Perhaps it was the public pressure from gun-rights advocates, perhaps it was the comparisons that journalists made between this case and the Ray Rice case, perhaps it was the National Rifle Association and its viral videos on the matter, or perhaps it was a combination of all three, but whatever it was common sense finally sunk in and Atlantic Count Prosecutor Jim McClain has changed his tune with respect to Shaneen Allen, the mother of two and licensed Pennsylvania concealed carry permit holder who faced felony charges and up to ten years in prison for accidentally carrying her firearm into New Jersey.
As mentioned, we’ll probably never know what really made McClain change his mind, but on Wednesday he issued a press release in which he talked about why he is now letting Ms. Allen bypass prison and enter the pre-trail intervention program, something he initially refused to do citing his desire to make the case a “deterrent” to others:
On September 24, 2014, the Office of the Attorney General released a clarification
of the 2008 “Graves Act” Directive, which deals with those situations in which an
out-of-state resident who holds a valid permit to carry a firearm within his or her
home state is arrested in New Jersey and charged with illegal possession of a
firearm under New Jersey law. This clarification was issued following a
comprehensive review by the Office of the Attorney General of New Jersey’s
firearms possession laws, as well as consultation by the Office of the Attorney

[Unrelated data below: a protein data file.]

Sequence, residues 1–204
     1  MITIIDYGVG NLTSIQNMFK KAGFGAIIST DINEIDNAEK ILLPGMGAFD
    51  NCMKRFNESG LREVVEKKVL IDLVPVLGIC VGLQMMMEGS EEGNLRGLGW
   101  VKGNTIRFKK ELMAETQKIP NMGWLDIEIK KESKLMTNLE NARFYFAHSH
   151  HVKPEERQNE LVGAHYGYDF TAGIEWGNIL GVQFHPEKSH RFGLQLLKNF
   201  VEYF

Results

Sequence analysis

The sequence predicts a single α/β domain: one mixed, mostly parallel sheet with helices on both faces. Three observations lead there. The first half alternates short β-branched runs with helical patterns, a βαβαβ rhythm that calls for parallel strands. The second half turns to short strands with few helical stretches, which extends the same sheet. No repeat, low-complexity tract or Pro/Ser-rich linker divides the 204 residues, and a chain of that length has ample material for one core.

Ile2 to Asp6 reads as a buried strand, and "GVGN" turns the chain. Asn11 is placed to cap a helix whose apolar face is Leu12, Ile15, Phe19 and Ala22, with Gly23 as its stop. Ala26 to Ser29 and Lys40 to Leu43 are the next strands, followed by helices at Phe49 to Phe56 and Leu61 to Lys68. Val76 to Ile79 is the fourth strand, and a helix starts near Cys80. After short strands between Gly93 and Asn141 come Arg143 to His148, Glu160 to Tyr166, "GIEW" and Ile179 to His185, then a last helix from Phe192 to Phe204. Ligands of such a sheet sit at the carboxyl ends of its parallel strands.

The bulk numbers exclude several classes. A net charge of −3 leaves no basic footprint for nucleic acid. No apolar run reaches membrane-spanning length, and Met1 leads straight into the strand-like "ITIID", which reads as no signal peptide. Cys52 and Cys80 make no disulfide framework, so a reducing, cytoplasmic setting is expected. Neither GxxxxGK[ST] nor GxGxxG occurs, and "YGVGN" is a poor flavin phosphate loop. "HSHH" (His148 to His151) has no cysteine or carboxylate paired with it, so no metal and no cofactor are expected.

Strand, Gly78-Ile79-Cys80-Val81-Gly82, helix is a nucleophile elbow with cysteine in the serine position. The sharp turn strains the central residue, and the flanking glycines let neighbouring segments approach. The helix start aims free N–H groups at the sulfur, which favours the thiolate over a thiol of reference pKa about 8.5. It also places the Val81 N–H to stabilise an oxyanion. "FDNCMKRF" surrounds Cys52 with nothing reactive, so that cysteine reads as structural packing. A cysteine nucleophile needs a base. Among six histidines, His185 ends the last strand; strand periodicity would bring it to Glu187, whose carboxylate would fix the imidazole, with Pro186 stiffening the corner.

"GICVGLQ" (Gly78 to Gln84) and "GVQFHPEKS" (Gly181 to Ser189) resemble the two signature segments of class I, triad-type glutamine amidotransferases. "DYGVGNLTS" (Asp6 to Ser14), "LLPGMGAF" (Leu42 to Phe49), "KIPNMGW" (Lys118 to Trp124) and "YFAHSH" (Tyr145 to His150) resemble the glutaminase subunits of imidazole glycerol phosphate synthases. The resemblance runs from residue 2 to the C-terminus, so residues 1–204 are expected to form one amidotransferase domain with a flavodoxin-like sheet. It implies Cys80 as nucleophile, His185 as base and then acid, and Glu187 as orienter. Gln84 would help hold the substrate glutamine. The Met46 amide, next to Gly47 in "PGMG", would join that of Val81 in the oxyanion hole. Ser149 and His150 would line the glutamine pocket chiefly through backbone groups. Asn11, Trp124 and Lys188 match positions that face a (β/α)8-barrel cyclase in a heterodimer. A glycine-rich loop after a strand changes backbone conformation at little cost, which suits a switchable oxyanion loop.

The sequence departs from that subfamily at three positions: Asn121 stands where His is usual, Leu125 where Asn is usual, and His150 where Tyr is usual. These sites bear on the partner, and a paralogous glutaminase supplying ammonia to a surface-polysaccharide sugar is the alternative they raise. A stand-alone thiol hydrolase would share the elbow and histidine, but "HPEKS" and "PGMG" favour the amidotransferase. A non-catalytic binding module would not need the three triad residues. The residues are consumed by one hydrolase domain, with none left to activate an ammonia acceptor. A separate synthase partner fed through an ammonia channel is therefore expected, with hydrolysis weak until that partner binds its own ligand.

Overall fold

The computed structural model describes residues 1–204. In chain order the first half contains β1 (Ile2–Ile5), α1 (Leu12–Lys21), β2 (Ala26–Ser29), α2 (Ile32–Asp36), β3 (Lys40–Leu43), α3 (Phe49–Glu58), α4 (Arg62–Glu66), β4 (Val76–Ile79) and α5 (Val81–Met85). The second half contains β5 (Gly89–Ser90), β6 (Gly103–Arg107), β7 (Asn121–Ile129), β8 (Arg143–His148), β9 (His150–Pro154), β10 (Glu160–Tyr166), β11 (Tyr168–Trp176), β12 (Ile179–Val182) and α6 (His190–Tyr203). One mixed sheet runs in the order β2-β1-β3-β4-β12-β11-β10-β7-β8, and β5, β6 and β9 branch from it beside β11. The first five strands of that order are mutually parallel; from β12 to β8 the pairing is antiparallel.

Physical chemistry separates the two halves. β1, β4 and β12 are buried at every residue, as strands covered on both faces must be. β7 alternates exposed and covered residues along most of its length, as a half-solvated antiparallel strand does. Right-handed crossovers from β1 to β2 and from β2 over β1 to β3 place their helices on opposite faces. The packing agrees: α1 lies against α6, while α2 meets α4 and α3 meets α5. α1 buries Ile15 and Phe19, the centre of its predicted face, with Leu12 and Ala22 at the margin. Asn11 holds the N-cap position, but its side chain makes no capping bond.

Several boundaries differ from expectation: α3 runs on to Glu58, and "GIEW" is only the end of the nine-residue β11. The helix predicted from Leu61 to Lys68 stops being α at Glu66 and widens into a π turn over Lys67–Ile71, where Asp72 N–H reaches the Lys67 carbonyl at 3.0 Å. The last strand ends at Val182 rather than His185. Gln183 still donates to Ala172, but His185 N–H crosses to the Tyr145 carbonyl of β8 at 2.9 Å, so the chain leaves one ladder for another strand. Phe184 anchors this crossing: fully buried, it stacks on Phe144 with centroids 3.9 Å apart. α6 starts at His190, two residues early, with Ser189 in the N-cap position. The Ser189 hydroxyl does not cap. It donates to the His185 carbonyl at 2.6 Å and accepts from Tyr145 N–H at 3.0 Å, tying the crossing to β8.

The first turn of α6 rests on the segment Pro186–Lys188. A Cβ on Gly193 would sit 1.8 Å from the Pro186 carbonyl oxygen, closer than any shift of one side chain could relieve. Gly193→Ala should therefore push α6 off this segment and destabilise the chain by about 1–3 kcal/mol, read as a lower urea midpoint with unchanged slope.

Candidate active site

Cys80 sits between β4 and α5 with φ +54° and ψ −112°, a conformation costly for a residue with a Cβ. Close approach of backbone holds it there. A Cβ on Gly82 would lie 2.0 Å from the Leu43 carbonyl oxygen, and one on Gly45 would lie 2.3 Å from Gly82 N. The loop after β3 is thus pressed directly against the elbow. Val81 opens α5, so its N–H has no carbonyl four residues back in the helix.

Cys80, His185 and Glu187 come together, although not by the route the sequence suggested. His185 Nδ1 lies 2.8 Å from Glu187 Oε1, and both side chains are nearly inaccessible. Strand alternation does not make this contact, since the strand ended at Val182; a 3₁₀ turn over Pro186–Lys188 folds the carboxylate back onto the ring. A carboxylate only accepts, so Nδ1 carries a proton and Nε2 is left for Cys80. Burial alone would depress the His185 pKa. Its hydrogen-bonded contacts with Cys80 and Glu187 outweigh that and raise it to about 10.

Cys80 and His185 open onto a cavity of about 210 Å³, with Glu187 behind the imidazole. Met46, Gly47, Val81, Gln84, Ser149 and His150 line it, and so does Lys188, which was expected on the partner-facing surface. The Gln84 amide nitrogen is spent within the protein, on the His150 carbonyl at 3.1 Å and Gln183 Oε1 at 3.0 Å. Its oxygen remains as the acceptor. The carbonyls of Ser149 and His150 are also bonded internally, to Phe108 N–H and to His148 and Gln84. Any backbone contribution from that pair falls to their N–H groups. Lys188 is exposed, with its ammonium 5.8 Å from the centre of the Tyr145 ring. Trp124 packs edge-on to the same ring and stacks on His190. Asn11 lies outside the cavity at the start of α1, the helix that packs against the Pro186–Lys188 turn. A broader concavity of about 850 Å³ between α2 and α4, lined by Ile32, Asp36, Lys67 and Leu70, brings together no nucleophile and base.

General with each of the 21 county prosecutors. The resulting clarification to the
2008 directive is a reasoned and considered effort to ensure consistent treatment
of similarly situated defendants throughout the state.
In applying the factors set out in the clarification, I determined that the defendant in
this case should be offered the opportunity to be admitted into the Atlantic County
PTI Program and I have communicated that determination to the Court and to
In the next few weeks, I will review similar cases that are pending within our
jurisdiction and make appropriate decisions following the application of the factors
set out in the clarification.
Yes, that’s what they call a 180. What we’re supposed to believe is that the state attorney general weighed in, as did other county prosecutors, to clarify the law with respect to CCW holders accidentally bringing firearms across the border. Sure, that’s true, but what McClain is not acknowledging is what prompted the review of the law: the collective outcry from 2A advocates, journalists and the NRA. Had no one raised awareness about Ms. Allen’s plight, there’s little doubt that McClain would have prosecuted her to the fullest extent of the law, slapping her with a felony and putting her behind bars.
What makes sense in these situations, which let’s be honest happen from time to time, is that a slap on the wrist is warranted, as state Attorney General John J. Hoffman intimated in his clarification of the law, noting that “imprisonment is neither necessary nor appropriate to serve the interests of justice and protect public safety.”
Exactly. Why jail an otherwise law-abiding citizen for making an honest mistake? It doesn’t make sense. But when it comes to the treatment of gun owners in this country, in many states their is an institutional hostility toward us, a desire to abandon reason, equal protection under the law and make criminals out of the law-abiding. Hopefully, the NRA is correct that Shaneen Allen is a “crusader of change” and that her arrest leads injudicious cops, feckless prosecutors and irrational lawmakers around the country to rethink the way they treat gun owners. But I remain skeptical. If anything, I fear it may only harden their resolve to come after us.